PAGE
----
Day 39: Rocky the Champ!

Yikes, it’s been a little over a week covering the characters, concepts and contraptions of The Forever People #1 and we’ve hardly alluded to the actual plot of the comic book. Allow me to play catch-up for those anxiously awaiting an opening synopsis:

The four male members of The Forever People arrive on Earth via Boom Tube aboard their Super-Cycle, in search of the fifth member, Beautiful Dreamer, who has been kidnapped from Supertown by Darkseid’s minions.

A young motoring couple, Bobby and Laurie, swerve to avoid the team, crash through a guard rail and off a cliff, only to be saved by the miraculous technology of Vykin the Black’s Mother Box. Reassured by the New Genesis kids of their peaceful mission, Bobby grabs his camera and takes a picture of The Forever People. Bobby notices an eerie light in the distance, which Vykin identifies as an oncoming Boom Tube, and he and Laurie, sensing a scoop, rush off to investigate, the latter mentioning that their pal “Jimmy Olsen will eat this up!”

Suddenly Serifan, making telepathic contact with Beautiful Dreamer, collapses in an open-eyed coma, as the unwitting crew is in the gunsights of Inter-Gang agents. The henchmen connect with Darkseid, who orders them to follow — and not kill — the kids.

Meanwhile, back in Metropolis, Clark Kent (alter-ego of Superman) is interviewing Rocky the Champ, a stereotypical boxer, one who laments he can never be the best “with Superman in the picture…” and, while we never again see the pugilist in the series, he serves as an important catalyst for the Man of Steel to ruminate about the loneliness being a super human in a non-super world.

10 thoughts on “Day 39: Rocky the Champ!

  1. Rob D

    The scene with Rocky also serves to illustrate the plight of humanity in a world of Gods and Supermen. What happens to human achievement? Why strive to be what is essentially the world’s best one-legged tap dancer? Would our second class status lead to hatred, and resentment? There’s a lot of meat in this seemingly small scene.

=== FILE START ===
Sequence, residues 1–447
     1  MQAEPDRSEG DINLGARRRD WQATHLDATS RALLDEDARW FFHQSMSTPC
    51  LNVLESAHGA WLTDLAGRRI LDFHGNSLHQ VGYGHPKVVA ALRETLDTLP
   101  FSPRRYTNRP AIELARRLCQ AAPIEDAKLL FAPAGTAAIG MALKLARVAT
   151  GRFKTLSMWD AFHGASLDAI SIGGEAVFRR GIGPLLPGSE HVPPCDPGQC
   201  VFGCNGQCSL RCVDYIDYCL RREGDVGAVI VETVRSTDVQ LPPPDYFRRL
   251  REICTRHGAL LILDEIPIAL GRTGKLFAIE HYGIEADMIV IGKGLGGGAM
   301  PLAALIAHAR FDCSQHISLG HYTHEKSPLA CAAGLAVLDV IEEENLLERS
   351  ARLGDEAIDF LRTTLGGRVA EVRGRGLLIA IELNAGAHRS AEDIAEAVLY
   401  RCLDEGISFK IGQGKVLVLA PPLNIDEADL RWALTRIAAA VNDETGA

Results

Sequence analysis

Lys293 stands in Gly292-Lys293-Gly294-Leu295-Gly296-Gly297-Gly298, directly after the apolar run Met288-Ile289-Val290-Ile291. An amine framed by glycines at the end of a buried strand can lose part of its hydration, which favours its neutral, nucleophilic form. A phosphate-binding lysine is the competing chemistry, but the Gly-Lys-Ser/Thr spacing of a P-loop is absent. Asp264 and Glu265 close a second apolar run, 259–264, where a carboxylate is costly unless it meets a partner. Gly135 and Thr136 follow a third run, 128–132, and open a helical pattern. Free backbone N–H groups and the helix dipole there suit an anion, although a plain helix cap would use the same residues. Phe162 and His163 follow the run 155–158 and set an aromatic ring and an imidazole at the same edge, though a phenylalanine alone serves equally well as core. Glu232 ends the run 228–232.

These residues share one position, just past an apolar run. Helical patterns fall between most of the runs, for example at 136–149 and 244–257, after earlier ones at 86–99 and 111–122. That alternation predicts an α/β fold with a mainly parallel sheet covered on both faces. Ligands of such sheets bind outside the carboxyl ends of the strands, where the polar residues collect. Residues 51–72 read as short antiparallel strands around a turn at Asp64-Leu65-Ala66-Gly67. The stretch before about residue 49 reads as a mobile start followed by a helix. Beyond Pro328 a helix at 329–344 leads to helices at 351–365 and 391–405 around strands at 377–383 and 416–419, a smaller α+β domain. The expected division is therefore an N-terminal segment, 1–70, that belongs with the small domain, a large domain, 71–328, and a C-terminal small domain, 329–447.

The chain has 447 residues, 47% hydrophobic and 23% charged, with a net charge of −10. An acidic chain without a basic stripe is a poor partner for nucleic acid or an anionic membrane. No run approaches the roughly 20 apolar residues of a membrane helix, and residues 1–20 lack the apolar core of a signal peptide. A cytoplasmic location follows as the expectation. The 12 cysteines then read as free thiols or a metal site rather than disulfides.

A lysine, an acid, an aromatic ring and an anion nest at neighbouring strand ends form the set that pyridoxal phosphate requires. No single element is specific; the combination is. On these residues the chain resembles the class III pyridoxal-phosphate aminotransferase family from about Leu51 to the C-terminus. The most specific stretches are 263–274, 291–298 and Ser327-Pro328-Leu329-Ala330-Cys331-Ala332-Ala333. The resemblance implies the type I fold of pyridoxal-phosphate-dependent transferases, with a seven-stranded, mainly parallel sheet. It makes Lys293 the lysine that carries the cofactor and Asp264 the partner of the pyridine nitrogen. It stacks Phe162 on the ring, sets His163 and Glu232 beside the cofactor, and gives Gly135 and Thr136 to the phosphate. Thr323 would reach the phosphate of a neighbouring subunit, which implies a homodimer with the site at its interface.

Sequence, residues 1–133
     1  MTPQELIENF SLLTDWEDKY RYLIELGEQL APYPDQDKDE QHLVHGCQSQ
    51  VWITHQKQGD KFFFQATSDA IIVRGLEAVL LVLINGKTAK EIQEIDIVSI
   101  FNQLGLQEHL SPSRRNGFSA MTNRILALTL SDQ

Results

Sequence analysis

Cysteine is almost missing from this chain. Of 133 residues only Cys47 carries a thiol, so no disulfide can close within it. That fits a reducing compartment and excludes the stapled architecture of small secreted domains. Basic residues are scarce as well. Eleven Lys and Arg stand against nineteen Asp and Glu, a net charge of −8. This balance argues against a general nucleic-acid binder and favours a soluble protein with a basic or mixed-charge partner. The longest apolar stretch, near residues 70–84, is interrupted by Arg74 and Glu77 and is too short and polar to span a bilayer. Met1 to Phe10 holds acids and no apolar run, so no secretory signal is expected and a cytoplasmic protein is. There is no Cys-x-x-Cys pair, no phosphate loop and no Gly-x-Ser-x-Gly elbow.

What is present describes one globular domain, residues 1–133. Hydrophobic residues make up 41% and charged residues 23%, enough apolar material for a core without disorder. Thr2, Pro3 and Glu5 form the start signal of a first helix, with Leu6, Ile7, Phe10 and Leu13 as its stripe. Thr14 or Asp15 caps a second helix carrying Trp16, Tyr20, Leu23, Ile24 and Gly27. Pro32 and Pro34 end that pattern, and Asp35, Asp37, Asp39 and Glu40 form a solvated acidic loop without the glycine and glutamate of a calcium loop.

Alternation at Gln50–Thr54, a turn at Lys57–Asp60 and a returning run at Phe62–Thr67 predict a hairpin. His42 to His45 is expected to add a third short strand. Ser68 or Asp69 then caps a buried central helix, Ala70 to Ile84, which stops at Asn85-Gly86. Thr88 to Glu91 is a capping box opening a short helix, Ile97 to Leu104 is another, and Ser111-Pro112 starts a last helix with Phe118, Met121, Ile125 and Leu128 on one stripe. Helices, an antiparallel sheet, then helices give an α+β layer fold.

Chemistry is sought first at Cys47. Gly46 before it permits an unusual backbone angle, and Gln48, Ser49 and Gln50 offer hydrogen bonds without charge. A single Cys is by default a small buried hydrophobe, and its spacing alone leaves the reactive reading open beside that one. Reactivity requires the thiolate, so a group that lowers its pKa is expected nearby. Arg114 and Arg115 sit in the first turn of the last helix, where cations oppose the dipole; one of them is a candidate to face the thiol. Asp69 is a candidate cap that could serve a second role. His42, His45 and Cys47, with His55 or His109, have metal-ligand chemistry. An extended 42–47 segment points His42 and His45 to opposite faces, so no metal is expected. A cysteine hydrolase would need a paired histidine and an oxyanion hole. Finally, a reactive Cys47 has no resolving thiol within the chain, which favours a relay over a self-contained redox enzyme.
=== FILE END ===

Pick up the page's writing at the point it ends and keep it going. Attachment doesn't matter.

1. patrick ford

      Rob, Kirby talked about some of these subjects in a 1970 interview with Mark Herbert.

      Kirby: “I would hate to be a super-hero. I really would, because my neighbors would kill me. They would find some way to do it, because they wouldn’t be able to stand me. I’d be perfect in my way, and they would hate me for it.”

      Kirby himself being super-creative suffered from occasional resentment directed towards him.

      1. JonBCooke Post author

        “Occasional”??? Resentment of Kirby was a cottage industry in the comic book field! Even the slavish imitators were expressing a resentment of sorts, in my not-so-guarded opinion.

  2. patrick ford

    Jon, That scene with the champ, and the earlier scene in JO where Clark is run down are two prime examples of Kirby’s Superman.

    Even on first reading they both gave me pause for thought.

    The scene where Clark is run down is interesting because it shows us Superman can wander into a crosswalk lost in thought just like any of us. It isn’t an instance where super hearing or vision would make a difference, Clark is so focused on what he’s thinking that he “doesn’t hear or see” the Inter-gang car until it’s too late. I’d suppose many of us have had similar close calls. Kirby’s heroes and villains didn’t typically have special weaknesses like Green K or wood; they had the same human weaknesses everyone does. The scene with Rocky and Superman’s unsettled feeling brought on by it are another example.

    BTW, the brand-new TJKC has a Kirby colour guide for the front cover of The Forever People #1 printed (sadly in B&W) on an inside page. Anyway you can get John to publish that as a front or back cover in the future? And, in the interim, maybe he’d allow a colour presentation right here?

  3. Rob D

    Patrick, I don’t know how you always manage to come up with a relevant slice of Kirby commentary, but keep ’em coming! Your observation on Kirby’s ability to infuse his characters with simple humanity is one I concur with. He often said these characters were real to him, and I believe they come across that way, moreso in his solo work, than in the overwrought soap-opera stylings of the earlier Marvel years.

  4. patrick ford


    I’ve long felt Kirby’s interviews are almost as interesting as his art. I’ve collected everyone I could find.

    Kirby has often been described as a “poor interview,” perhaps in the sense that he doesn’t have slick sound-bite answers for every question tossed his way.

    I love it when Kirby almost ignores a fairly inane question he’s been asked 100 times before and uses the opportunity to expound on the very same themes which run deep in his work.

    It’s also my opinion that Kirby had a true gift for words. His turns of phrase on the comics page or in an interview are a delight.

  5. Jon Marvin

    Interesting that you post this one just as the Superman vs Muhammad Ali reprint is hitting the stands.

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